If you were to put four men in a room and ask each of them what the prostate did, how many do you think would be able to give you a clear answer? If you guessed anywhere higher than one, you’d be incorrect. It may come as a shock to you, but the reality is that most men don’t have much awareness when it comes to their prostate and why its health matters. When the European Association of Urology (EAU) carried out a study for Urology Week 2019 and asked just over 3000 men if they knew what the prostate’s main function was, only around 26% of them could give a clear answer.
That’s a shockingly low number, especially considering that the chances of having an enlarged prostate increases as men get older. So what should any man know about their prostate & why prostate health matters? Let’s look at some of the most important facts and points of note to keep in mind, and pass on, to help raise awareness of prostate health.
50 is the magic number
Let’s start with a clear fact; prostate cancer is the most diagnosed cancer for men in the UK, and over a million men are diagnosed around the world every year. So why does 50 matter? It’s the benchmark age for checking and detecting prostate cancer. While it isn’t solely an illness which affects older men, it is more prevalent, hence the need to see a doctor and get checked out. This goes doubly so for black men at the age of 45, or anyone at that age with a family history of prostate cancer.
The average prostate will be around the size of a walnut. It sits right underneath the bladder and around the urethra so that it can help make semen. Because most people have notions of needing to bend over when visiting a doctor for a check, they misinterpret its function and position.
This is why if a man starts noticing issues when urinating, they should consider that it may be a problem with the prostate. Issues would include the urge to urinate more than usual, needing to go regularly in the middle of the night, having a weak flow, or a sudden urge to go out of nowhere.
Three letters: PSA
Not to be confused with PTA meetings you have to drag yourself too, PSA stands for Prostate Specific Antigen. It is present in men’s blood as it is produced by the prostate. It is common for a doctor to want a blood test done when getting the prostate checked. Some men may panic at the notion they have PSA in the blood when a doctor tells them so, but it is always there (in fact, it would be worrying if a man had none at all).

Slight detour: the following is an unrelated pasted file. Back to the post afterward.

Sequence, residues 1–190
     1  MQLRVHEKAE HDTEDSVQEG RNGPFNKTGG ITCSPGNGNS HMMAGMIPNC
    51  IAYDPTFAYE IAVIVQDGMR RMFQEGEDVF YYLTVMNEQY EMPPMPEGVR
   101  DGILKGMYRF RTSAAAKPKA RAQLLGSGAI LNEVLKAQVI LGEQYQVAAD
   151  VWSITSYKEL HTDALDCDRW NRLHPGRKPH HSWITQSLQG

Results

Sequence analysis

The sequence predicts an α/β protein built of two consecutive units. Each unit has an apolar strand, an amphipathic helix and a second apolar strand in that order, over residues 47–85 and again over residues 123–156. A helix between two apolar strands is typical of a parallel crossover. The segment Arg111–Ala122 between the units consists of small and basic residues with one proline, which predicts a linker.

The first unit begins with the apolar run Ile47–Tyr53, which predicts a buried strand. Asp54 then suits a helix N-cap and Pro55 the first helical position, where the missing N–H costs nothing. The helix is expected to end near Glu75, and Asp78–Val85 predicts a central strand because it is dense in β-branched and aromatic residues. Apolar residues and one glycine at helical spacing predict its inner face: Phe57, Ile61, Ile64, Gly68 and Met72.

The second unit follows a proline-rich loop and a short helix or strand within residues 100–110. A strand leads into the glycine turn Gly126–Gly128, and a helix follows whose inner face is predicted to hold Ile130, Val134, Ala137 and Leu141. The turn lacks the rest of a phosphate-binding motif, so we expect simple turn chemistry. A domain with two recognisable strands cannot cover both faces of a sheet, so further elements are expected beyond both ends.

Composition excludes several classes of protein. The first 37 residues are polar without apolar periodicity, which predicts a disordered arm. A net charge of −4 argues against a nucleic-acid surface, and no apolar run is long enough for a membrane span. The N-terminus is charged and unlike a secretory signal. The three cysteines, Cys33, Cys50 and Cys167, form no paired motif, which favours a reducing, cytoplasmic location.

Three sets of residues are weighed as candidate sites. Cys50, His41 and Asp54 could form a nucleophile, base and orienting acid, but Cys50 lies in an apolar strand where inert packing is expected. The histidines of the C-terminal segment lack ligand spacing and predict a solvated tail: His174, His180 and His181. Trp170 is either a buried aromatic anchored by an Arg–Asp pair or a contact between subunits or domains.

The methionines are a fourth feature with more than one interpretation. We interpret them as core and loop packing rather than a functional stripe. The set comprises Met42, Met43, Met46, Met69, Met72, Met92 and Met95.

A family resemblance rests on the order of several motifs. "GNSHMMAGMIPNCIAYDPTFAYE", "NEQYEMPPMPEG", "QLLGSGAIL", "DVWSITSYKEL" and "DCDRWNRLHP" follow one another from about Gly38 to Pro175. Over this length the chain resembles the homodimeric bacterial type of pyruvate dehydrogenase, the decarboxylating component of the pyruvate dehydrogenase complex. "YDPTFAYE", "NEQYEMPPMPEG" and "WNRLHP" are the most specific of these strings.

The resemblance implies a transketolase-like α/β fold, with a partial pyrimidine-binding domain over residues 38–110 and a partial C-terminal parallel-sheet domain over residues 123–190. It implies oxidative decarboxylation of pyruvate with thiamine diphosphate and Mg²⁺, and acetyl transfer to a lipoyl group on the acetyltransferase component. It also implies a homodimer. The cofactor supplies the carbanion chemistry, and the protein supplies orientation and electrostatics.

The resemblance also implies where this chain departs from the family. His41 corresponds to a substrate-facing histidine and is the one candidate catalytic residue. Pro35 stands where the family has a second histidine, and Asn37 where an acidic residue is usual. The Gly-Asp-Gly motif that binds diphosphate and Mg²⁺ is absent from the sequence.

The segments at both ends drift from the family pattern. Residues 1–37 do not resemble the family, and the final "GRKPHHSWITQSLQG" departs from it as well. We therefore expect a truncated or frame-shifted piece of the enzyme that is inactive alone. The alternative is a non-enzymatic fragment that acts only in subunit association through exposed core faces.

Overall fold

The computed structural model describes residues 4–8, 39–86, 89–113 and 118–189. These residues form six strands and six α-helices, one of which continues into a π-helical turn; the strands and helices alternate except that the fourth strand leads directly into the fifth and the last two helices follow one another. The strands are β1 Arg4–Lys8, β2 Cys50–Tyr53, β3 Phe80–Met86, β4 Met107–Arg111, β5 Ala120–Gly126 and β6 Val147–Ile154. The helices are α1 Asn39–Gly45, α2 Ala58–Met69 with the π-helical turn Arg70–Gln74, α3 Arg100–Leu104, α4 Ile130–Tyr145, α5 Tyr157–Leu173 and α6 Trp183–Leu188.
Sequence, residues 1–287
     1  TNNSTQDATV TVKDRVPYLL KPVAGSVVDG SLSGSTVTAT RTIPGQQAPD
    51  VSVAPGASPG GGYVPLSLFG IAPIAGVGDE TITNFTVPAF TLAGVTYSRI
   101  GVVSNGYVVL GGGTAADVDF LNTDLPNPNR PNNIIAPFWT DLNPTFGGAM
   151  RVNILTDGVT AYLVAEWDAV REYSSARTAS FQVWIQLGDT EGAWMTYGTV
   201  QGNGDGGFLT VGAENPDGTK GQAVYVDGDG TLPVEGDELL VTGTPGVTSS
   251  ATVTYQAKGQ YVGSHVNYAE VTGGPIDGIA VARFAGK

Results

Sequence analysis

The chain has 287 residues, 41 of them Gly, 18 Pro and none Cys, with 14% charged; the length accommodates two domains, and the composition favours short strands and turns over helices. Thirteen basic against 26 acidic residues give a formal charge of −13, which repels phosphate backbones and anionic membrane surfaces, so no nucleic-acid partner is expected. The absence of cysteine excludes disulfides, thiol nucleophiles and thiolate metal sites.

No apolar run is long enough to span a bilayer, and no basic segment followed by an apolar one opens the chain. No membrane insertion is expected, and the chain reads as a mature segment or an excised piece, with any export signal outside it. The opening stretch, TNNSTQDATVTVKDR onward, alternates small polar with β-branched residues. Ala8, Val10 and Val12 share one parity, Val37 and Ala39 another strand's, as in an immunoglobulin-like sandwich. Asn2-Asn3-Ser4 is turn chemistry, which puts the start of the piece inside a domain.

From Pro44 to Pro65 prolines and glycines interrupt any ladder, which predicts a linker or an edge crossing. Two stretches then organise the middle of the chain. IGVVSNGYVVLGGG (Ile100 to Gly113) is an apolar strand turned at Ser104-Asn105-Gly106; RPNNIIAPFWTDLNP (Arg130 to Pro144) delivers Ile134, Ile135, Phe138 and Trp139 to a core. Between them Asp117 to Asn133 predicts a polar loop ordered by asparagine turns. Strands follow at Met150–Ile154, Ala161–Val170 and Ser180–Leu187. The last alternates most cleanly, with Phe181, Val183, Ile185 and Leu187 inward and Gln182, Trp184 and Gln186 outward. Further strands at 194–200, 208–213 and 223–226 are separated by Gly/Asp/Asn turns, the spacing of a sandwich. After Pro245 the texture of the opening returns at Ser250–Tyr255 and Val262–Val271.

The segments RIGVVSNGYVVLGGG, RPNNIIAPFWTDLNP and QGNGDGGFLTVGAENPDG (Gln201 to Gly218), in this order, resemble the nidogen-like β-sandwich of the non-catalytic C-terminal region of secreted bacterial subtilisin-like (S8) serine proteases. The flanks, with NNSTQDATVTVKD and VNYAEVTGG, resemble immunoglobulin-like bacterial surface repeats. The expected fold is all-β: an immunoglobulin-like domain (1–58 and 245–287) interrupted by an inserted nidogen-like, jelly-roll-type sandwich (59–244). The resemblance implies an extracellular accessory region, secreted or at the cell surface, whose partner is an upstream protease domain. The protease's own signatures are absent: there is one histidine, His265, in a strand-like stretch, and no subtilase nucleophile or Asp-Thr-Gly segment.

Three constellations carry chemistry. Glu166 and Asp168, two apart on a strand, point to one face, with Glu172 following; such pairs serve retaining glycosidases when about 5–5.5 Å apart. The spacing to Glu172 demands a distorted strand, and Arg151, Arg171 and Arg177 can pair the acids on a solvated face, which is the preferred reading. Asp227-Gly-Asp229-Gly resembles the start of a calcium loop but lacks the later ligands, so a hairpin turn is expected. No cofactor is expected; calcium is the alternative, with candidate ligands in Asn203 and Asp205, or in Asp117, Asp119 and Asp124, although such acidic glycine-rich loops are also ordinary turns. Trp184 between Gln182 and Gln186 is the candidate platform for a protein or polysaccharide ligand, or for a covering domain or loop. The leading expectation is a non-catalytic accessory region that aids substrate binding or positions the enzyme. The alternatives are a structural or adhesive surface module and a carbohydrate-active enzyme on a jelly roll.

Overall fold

When a man’s PSA levels are higher than expected, it is a sign that the prostate has become larger and will need further examination. It isn’t necessarily a direct indicator that someone has prostate cancer, but it does highlight a possible problem that needs to be addressed.
Benign Prostatic Hyperplasia (BPH)
More commonly known as prostate enlargement, BPH is a common condition where the prostate expands around the urethra. While it isn’t a sign of cancer, it does carry many of the same symptoms and can lead to kidney damage if anyone stubbornly refuses to get it checked out.
With around 80% of men experiencing enlarged prostates as they get older, it’s something to be aware of. For more information treating BPH, I recommend reading advice from the Birmingham Prostate Clinic.
No bending over
Finally, I want to make people aware of one of the most misconceptions about prostate exams. Ask most people what they think happens, and it will conjure images of someone over a table while a doctor almost comically puts on gloves.
People need to remove this idea/ image from their heads. Almost all prostate exams are carried out with a patient lying on their side with knees tucked in while a doctor will gently examine the area. They may also want to examine the stomach with a patient lying flat. It really is nothing to be embarrassed about.
Spread some knowledge
These are just some main areas I think people need to be aware of when it comes to prostate knowledge. It really is nothing to be embarrassed about. I truly believe that even if you brought any of the points I’ve mentioned here up in conversation, it will help someone else come away with improved knowledge of a grossly underestimated part of the body.